A large established program may not require half the skills or interaction from a director but for those that will be starting from scratch or nearly scratch, there is no shortage of challenges. Taking on a program like this is not all challenges however. There are within these programs things that cannot be found in most settings. There is the therapeutic value of being able to be in a large area with free roaming animals and being able to feed them by hand or pick them up and pet/ cuddle with them. There is the feeling of connectedness that one can feel while conducting a session while walking in a field, along a brook or on woodland trails.  The ability to watch a community grow where once overgrown land was present is a feeling that is hard to put into words. Watching crops grow and knowing that they will feed the needy while also providing therapeutic opportunities to the community is something that I had never experienced in “corporate” counseling programs. The feeling of accomplishment when you see a new wall go up or lights light up for the first time can be hard to beat as is the feeling of accomplishment when a long dormant machine fires to life.

For those of you that have not lost the love of our profession but that may be growing tired of the corporate or urban environment, consider a change of pace and a change of space. Community therapeutic farming may just be what is missing for you. It just may be what is missing in your community as well.

 

”Doc Warren” Corson III is a counselor, educator, writer and the founder, developer, clinical & executive director of Community Counseling of Central CT Inc. (www.docwarren.org) and Pillwillop Therapeutic Farm (www.pillwillop.org). He is internationally certified as a Counsellor and Counsellor Supervisor in the USA and Canada (C.C.C., C.C.C.-S, NCC, ACS). He can be contacted at [email protected]




*The views expressed by our authors are personal opinions and do not necessarily reflect the views of the CCPA

Alebrijes-What does  your animal spirit look like?.

Posted by: Priya Senroy on March 1, 2018 1:09 pm

I recently say the movie Coco-it’s about celebrating the Day of the Dead, about family and traditions. The movie was colorful, musical and emotional. As I sat to deconstruct my understanding of this movie, I was intrigued by the characters called Alebrijes or spirit animals.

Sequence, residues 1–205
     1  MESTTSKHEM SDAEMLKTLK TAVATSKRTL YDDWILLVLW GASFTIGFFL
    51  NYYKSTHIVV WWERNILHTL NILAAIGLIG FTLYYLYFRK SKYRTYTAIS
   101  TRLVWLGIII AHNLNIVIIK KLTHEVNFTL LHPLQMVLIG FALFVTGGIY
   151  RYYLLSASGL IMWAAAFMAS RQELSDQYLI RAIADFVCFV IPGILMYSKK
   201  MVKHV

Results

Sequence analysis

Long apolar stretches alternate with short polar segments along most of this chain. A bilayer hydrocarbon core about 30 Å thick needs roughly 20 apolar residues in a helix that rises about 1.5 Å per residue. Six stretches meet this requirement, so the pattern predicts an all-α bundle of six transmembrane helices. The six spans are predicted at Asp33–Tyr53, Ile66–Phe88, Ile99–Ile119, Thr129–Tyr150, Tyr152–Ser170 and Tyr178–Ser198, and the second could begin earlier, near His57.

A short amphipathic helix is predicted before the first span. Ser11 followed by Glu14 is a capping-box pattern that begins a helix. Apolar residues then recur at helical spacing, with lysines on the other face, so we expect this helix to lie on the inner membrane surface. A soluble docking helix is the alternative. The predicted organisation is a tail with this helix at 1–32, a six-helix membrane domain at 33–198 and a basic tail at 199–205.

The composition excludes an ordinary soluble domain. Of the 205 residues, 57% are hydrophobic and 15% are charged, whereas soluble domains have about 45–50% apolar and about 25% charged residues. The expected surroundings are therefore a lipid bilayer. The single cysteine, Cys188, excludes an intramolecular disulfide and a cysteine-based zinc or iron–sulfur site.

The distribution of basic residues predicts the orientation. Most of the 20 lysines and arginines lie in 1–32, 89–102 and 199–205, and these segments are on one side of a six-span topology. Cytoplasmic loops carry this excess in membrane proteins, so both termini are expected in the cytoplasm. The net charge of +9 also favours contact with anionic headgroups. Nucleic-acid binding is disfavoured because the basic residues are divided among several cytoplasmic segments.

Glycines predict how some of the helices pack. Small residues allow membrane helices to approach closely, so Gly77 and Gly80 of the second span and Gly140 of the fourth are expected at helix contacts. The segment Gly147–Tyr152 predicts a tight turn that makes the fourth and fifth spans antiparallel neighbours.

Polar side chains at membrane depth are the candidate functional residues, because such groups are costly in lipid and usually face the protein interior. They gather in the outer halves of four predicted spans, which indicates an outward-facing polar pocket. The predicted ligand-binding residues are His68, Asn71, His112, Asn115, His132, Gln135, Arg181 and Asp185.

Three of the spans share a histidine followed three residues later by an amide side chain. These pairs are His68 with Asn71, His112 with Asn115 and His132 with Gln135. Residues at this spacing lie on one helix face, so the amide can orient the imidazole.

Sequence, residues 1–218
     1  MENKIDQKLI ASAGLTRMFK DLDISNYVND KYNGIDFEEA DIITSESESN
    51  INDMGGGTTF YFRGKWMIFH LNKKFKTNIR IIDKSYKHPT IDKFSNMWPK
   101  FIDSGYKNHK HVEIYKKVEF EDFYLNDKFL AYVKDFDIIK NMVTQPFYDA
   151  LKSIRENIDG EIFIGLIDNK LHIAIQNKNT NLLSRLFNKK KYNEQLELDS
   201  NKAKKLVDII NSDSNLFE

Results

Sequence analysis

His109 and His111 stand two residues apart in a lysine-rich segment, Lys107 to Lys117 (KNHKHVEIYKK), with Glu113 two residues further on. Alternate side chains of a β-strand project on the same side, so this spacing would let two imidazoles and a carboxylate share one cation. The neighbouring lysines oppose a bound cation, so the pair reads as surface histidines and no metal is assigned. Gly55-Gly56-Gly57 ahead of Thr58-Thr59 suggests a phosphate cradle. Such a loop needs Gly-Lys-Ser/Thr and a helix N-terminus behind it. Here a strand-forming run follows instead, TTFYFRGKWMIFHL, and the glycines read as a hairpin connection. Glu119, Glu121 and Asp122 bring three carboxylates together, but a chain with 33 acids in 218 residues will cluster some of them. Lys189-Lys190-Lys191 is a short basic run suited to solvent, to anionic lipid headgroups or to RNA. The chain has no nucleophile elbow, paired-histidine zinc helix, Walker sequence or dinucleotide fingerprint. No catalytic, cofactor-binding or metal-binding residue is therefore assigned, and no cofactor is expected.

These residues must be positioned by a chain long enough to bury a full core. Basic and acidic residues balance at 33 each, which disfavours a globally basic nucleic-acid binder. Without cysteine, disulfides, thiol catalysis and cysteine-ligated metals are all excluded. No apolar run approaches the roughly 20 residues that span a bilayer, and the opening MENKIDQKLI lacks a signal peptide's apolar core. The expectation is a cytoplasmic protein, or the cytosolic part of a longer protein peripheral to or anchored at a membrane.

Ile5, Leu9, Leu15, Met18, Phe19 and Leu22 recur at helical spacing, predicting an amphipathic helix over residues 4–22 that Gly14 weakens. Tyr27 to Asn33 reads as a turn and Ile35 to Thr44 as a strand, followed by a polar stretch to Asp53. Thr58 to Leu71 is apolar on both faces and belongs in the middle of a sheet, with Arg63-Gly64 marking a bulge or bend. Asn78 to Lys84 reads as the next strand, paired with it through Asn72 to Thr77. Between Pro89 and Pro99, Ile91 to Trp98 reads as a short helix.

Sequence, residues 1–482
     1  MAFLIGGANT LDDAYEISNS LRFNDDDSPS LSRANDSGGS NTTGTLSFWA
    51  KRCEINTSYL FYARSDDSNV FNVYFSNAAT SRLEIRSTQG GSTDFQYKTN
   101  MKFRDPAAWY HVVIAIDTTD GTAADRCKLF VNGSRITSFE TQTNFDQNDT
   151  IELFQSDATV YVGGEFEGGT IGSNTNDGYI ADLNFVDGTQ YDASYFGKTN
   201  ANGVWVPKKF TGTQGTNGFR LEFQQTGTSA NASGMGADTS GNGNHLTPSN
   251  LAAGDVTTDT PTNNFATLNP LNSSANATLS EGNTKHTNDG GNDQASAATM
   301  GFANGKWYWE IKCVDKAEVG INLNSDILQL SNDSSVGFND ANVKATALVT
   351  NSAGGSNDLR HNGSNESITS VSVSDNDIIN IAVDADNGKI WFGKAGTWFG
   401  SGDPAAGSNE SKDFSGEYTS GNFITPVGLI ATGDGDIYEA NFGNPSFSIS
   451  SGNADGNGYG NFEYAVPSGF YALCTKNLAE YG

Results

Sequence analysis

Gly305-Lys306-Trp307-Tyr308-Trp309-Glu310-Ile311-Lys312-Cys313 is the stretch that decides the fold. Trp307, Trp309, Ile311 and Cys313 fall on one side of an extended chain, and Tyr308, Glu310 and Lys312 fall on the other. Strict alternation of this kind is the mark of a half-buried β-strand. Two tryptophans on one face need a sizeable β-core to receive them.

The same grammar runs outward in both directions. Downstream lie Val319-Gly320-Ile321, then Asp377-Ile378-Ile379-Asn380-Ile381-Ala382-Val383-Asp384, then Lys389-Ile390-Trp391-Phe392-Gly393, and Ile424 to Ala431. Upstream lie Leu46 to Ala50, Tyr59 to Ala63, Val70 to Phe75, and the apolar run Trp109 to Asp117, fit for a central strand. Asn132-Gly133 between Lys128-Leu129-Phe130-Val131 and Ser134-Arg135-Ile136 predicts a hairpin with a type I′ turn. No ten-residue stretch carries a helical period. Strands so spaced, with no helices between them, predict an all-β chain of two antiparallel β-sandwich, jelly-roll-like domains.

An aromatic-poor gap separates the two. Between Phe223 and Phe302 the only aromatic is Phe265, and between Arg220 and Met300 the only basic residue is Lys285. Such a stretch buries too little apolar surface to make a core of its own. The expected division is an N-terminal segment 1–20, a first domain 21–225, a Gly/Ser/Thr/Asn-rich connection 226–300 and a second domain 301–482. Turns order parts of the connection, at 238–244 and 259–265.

Research led to me this description: Traditionally, Alebrijes are carved and painted animal figurines that have become a form of symbolic art from Mexico. The word Alebrije means “imaginary” or “fantasy,” describing a style of animal carvings with exceptional paint schemes.

As a creative arts therapist, I found this symbolic art form to be fascinating as I came to know about its origins.

Pedro Linares (1906-1992), a renowned indigenous Mexican artist, first created vividly colorful papier mâché sculptures called alebrijes. The inspiration for Linares’ sculptures has an origin as outlandish and fanciful as the figures themselves. As the story goes, Linares became very ill when he was 30 years old. Not having access to medical attention, he laid in bed and lost consciousness. Linares dreamt of a bizarre, peaceful place that resembled a forest. He recounted seeing giant rocks, tall trees, and an expansive sky. The artist felt remarkably healthy again. His physical pain was gone and he felt happy as he walked along trails through the dense foliage of his dreamworld.

Suddenly, the clouds, rocks, and trees began to transform. The land features around him shaped themselves into animals that were familiar and yet like nothing Linares had ever seen before. There were mules with dragonfly wings, roosters with antlers, creatures that resembled gryphons and dragons, just to name a few. They had unnatural colors and patterns swirling over their bodies. These creatures began repeatedly chanting a single word: alebrije…alebrije…alebrije! Linares became fearful of these strange, powerful creatures chanting this nonsense word. He couldn’t tell if they were warning or threatening him. However, it was enough to startle him awake in time for his fever to subside.( NPS 2017)